“…stalwart ruddy men and boys, were dressed mainly in snow-white smock-frocks, embroidered upon the shoulders and breasts, in ornamental forms of hearts, diamonds, and zigzags…” From Under the Greenwood Tree by Thomas Hardy
Smock-frocks were common workwear in parts of eighteenth-century Europe. Canterbury Museum 2006.22.1
This curious form of overall, known as the smock frock, was the standard work-wear for gardeners, labourers and many other rural workers in parts of eighteenth-century Europe. The smock frock was a protective outer-wear made from coarse linen or hemp. Dense panels of smocking (finely-pleated tubes of fabric, fixed into honey-comb patterns with a strong, decorative top-stitch) were usually built into areas of the garment that required the most protection.
This fine gardener’s smock-frock has smocked reinforcement panels atop the chest, wrists and back. It may seem unusual now for a snowy-white garment to be used in outdoor conditions, however white was the most common colour of smock frock through until the end of the nineteenth century.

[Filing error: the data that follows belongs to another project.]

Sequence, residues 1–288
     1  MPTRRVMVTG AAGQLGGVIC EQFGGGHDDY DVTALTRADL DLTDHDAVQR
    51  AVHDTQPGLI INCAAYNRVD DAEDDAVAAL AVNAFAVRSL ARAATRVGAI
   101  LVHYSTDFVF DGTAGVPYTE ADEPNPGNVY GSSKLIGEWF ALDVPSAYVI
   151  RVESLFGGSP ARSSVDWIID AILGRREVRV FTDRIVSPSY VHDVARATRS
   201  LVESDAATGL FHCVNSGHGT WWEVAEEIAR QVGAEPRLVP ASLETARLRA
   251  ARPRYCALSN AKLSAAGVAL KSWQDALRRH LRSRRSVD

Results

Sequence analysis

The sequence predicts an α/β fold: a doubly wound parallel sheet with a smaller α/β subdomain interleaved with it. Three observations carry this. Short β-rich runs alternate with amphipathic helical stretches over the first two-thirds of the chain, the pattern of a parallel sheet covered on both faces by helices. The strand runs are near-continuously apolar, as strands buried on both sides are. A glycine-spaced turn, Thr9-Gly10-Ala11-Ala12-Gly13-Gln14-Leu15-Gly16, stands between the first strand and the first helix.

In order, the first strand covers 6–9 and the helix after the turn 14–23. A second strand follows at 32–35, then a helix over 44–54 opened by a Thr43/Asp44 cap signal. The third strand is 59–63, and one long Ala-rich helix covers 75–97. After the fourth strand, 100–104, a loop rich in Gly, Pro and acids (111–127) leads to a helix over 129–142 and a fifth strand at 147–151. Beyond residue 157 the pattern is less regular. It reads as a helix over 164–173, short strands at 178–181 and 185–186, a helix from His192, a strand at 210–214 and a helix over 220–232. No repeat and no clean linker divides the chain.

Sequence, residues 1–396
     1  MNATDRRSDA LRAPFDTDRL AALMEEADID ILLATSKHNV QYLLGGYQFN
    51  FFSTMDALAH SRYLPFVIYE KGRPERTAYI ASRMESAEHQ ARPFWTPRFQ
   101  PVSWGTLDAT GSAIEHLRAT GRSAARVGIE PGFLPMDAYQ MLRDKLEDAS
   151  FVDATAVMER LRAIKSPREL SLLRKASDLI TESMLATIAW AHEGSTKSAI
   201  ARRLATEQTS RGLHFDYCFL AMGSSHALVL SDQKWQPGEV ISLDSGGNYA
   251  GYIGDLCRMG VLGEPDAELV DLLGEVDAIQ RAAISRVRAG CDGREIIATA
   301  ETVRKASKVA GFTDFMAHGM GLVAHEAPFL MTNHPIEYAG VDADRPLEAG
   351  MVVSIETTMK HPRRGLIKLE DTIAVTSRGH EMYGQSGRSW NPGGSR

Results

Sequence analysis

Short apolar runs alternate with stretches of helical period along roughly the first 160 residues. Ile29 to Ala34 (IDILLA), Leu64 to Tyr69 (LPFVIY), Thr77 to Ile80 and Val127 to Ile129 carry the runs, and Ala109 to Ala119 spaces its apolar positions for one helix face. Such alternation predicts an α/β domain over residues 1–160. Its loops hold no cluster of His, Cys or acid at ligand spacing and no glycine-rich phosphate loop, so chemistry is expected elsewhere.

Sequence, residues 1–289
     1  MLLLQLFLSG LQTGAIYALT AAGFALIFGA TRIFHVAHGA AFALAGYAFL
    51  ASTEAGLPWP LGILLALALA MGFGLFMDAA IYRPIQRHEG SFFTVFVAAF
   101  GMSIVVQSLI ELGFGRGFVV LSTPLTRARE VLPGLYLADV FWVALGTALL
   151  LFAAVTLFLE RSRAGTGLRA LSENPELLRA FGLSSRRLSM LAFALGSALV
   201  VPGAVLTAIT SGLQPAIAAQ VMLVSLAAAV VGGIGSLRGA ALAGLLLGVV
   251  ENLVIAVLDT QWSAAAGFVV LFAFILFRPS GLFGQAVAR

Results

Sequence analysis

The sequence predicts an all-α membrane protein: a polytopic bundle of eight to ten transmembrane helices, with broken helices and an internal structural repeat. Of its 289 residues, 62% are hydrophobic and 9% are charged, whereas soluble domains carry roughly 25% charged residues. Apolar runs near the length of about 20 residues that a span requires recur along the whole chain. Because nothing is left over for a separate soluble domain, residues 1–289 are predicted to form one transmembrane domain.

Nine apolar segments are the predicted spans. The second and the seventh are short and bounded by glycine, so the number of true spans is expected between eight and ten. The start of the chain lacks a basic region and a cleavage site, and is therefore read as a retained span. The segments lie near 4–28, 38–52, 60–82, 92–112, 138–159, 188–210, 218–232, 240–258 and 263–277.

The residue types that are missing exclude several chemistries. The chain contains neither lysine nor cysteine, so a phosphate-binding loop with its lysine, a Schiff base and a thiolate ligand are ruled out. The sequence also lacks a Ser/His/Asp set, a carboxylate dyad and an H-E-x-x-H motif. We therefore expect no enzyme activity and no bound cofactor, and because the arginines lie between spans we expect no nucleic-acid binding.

Colour and decorative embroidery were not unusual however, and different areas became known for their own, distinct colour of smock. Different industries even adopted their own embroidered motifs, applied around the collar and shoulders especially, to represent their individual areas of work and provide additional padding to exposed areas. Wheel symbols were common decoration on the smocks of wagoners, as were leaf-shaped motifs on gardeners smocks such as this one.
While the provenance for this smock frock is a little unclear, its donor believed it was worn by the head gardener of an estate, possibly in Chichester, Sussex. Though rare in New Zealand museum collections, this example is one of a few smock frocks in our Textiles Collection.